Image courtesy: Moo.
Moo cards have become easy but creative ways for photographers to grow their businesses.
For photographers, winning bookings depends on referrals and connections, on personality and on reliability. But mostly it depends on the pictures. Produce great images and you won’t have to do much more than show them to prospects to convert many of them into clients. Moo has been making that easier for photographers to do since 2004. The UK-based print company that specializes in producing small products now prints “millions of cards” each month. They’re sold to hundreds of thousands of customers in more than 180 countries around the world.
The products themselves don’t sound very original. The company didn’t invent business cards or stickers and it certainly didn’t invent the postcard and the greeting card. But it did offer a way for photographers to print their images on a small scale, and at an affordable price that allows them to give them away to leads and win new business.
It’s an approach that’s not been lost on Moo itself. The company’s latest product is Facebook cards which use a customer’s main Timeline image as the graphic, and add text on the back. At the moment, Moo is giving them away for free, not including postage, as a way of reaching new potential buyers who might order more traditional business cards, and in order to benefit from Facebook’s viral posts. Each time someone’s Facebook page tells their friends that they’ve got Moo cards, the company spreads its name a little further.
Where Moo really stands out though is in its “Printfinity” technology that allows photographers to print a different image on each card in a pack of 50. Instead of trying to choose one photo to represent a photographer’s complete portfolio and range of talents, photographers can pick 50 different photos and show clients just how flexible they can be at a shoot. It’s no surprise then that the most popular use for Moo cards, even among photographers, is as business cards that show off their images as well as tell clients where they can be found.
Give Them Away at Weddings
It’s also no surprise though that creative photographers have managed to stretch the use of the cards so that they act as more than reminders for leads they failed to convert. Moo’s greeting cards become “thank you cards.” Its sticker books become free gifts as treasured, used and as effective as day calendars were before apps made paper diaries outdated.
A number of wedding photographers, for example, include a free engagement shoot in their wedding packages. By printing some of those images on Moo cards, photographers are able to use them not just as reminders but as gift cards. That’s a strategy employed by British photographer Mark Dolby who used the firm’s highest quality “Luxe” cards to create his Moo-based gift cards..
In addition though, Dolby also prints the engagement images on mini cards that he distributes at the wedding itself. The cards offer congratulations to the couple and include both a URL and an access code that allows guests to see the wedding photos as soon as they go up. Instead of relying on word of mouth to encourage guests to look at his photos, his Moo cards tell them where to go. New York wedding photographer Melissa Lynn, goes even further and does so with even less text. The mini Moo cards of her engagement shoots simply include the words “in two weeks you can see what I see @ beimagedblog.com,” telling guests not just where they can see the pictures — a collection that presumably will include photos of the card’s readers — but when they can see them.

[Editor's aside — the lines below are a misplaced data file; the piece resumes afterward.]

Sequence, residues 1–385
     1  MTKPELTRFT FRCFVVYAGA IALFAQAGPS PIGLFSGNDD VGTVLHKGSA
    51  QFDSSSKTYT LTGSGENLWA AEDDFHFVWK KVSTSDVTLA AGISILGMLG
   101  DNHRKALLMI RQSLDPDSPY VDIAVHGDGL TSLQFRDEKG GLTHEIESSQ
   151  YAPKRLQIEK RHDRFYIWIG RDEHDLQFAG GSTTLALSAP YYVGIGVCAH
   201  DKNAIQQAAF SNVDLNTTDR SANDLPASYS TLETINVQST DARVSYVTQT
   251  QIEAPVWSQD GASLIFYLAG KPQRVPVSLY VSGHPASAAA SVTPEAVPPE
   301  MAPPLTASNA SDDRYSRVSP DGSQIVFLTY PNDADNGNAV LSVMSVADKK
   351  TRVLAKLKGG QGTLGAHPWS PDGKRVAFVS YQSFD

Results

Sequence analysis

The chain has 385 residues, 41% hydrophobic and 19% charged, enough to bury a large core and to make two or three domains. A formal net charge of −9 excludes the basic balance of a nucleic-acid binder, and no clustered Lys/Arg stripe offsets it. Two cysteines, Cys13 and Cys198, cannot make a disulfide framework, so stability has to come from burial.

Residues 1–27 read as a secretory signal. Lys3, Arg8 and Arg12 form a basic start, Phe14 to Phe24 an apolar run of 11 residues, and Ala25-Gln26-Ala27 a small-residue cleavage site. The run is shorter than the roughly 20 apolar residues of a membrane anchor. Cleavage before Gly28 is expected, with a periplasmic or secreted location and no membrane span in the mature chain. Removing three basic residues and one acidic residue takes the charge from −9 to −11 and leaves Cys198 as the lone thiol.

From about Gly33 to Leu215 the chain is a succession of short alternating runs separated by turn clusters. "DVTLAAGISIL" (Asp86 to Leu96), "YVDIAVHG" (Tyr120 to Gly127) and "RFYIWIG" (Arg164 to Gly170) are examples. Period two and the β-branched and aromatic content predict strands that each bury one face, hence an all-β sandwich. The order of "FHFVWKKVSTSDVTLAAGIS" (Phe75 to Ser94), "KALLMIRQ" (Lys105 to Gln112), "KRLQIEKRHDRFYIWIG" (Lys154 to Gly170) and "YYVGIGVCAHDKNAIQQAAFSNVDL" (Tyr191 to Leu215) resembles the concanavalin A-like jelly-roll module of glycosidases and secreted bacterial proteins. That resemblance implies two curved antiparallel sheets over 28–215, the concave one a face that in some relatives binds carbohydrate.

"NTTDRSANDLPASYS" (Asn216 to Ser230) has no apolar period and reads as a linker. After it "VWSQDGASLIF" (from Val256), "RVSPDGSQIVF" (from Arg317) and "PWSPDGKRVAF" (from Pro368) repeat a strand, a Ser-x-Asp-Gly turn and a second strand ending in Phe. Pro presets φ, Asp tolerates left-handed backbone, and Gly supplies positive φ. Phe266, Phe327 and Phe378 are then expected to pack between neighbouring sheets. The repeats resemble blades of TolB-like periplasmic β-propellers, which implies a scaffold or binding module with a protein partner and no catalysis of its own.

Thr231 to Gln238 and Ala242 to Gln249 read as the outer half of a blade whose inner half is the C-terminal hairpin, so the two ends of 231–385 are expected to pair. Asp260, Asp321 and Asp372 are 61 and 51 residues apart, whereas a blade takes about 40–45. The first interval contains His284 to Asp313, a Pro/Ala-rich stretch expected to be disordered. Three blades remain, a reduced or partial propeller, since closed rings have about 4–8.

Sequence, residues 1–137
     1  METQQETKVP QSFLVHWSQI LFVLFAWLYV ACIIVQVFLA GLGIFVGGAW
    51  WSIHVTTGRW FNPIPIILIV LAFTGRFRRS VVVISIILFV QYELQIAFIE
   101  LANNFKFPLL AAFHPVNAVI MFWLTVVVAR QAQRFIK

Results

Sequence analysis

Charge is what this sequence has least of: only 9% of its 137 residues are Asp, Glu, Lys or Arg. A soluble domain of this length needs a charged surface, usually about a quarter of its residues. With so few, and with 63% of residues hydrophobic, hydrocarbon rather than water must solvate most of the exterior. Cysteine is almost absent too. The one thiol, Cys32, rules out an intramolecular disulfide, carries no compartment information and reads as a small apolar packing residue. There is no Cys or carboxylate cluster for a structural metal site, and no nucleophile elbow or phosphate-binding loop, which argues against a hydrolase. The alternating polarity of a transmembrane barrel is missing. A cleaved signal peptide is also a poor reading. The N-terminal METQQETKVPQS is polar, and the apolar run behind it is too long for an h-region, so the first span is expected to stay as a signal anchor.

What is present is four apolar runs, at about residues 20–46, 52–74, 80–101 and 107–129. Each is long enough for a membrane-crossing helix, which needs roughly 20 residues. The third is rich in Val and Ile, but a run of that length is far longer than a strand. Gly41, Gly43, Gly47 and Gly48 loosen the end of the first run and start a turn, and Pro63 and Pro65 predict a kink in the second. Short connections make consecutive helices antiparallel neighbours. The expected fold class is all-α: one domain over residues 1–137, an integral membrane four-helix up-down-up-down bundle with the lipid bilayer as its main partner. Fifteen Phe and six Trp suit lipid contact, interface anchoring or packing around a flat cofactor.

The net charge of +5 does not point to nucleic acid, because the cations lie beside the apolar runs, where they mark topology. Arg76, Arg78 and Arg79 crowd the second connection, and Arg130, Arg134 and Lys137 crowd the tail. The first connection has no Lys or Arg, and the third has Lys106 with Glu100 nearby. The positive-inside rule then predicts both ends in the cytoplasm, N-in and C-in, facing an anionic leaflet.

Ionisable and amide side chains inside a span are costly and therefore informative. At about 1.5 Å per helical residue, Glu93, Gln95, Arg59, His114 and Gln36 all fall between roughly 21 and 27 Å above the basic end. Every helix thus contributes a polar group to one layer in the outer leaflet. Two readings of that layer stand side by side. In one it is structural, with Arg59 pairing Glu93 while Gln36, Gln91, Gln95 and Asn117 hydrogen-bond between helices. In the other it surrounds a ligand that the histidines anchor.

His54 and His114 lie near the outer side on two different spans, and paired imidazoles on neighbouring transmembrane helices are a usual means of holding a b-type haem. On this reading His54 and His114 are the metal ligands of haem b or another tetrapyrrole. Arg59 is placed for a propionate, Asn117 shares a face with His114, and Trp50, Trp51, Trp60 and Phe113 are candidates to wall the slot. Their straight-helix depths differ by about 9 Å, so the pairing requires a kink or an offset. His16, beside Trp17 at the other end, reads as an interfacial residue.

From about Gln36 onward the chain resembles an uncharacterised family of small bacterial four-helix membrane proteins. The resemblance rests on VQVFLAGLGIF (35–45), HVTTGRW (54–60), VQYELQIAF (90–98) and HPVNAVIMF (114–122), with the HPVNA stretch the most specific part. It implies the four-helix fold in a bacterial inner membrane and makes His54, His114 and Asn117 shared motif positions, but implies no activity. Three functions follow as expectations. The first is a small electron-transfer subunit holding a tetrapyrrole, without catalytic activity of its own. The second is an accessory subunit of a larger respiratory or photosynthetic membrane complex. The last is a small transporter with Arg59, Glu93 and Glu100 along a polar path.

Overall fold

“I always commit myself to posting a sneak peek collection of your wedding photographs within two weeks of your big day so these cards provide some direction to your friends + family who just can’t wait to see the photos and to relive the day,” she says on her blog.
Skip the Fax Number
The effectiveness of that approach relies not just on the image but on the content of the text on the back of the card. According to Rebeka Fluet, Moo’s Marketing Manager, some information traditionally found on business cards is becoming much less important than it used to be, leaving space for contact details with greater relevancy.
“Be sure to only include the most relevant information,” she recommends. “For instance, fax numbers are becoming less and less important, as are physical mailing addresses. Social media accounts are now the norm. Be sure to include company URL and email, as well as any of your business social media accounts.”
The text then can be very simple. And when you can include as many as 50 different images in each pack of cards, choosing the photos to spread at the wedding or offer to potential clients should be simple too; just about any image that looks good can go in the mix. If there is any complexity in using Moo it’s a challenge that every photographer faces as they prepare to print their images: ensuring that what they see on the screen is what they see on paper — that the colors are sharp, bright and accurate.
Rebeka Fluet recommends that professional photographers who have already enhanced their images turn off Moo’s own dynamic photo enhancement when they place their order and suggests that black and white or greyscale images be converted to RGB or CMYK color spaces. Moo uses Coated GRACoL 2006.
Most photographers though seem pretty happy with their colors and the print quality of the cards they get back from the company. Photographers’ blogs are as filled with images of packages from Moo being opened as geeks’ blogs contain unboxing images of Apple products. But perhaps the biggest advantage that Moo offers to photographers isn’t the quality of the printing or even the number of images you can squeeze into a single 50-card box. It’s what you can do with them to spread your name and your pictures — and win new business.